Tackling Pandemics at Their Root
Lax or non-existent regulation of animal markets is what started the COVID-19 crisis. If we don’t act on that lesson quickly, we may very soon have to learn it again.
BOSTON – Cattle colonies and “wet markets” for live animals are not unique to Wuhan, the Chinese city where the SARS-CoV-2 virus most likely originated. They exist all around the world. And given their largely unregulated nature, the emergence of the next major infectious pathogen is only a matter of time.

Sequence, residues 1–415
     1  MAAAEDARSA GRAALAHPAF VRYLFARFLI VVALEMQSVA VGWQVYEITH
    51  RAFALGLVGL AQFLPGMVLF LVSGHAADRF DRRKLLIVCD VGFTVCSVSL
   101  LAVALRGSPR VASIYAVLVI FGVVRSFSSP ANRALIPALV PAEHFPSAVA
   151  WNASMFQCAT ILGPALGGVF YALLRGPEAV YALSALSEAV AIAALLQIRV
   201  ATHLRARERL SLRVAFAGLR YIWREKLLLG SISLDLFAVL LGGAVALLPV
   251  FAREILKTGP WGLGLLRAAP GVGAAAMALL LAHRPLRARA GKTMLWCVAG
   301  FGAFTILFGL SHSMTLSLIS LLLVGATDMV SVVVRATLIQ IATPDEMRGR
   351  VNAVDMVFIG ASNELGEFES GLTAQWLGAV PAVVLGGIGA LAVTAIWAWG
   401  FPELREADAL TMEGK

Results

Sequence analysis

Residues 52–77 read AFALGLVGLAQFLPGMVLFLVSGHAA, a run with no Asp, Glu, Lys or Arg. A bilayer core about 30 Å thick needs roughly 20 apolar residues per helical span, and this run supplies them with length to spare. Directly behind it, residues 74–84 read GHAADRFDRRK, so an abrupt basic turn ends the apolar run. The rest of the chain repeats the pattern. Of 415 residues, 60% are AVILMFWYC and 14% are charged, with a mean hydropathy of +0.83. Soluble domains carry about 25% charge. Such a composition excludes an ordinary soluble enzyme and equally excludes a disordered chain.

For example, you might not expect to find the world’s largest buffalo colony in Karachi, Pakistan, a metropolis with 14 million inhabitants. And with about 400,000 animals packed tightly in an area of six square kilometers (2.3 square miles), the Bhains Colony is certainly an incongruous sight. Yet, the colony (named after the Urdu word for buffalo) has survived and thrived for more than a half-century, and today has over 1,500 farms.
The colony is integral to Karachi’s milk and meat supplies, and a major source of employment for the local community. It has been the subject of numerous studies of local empowerment, entrepreneurship, and supply chains, including some funded by international aid agencies.
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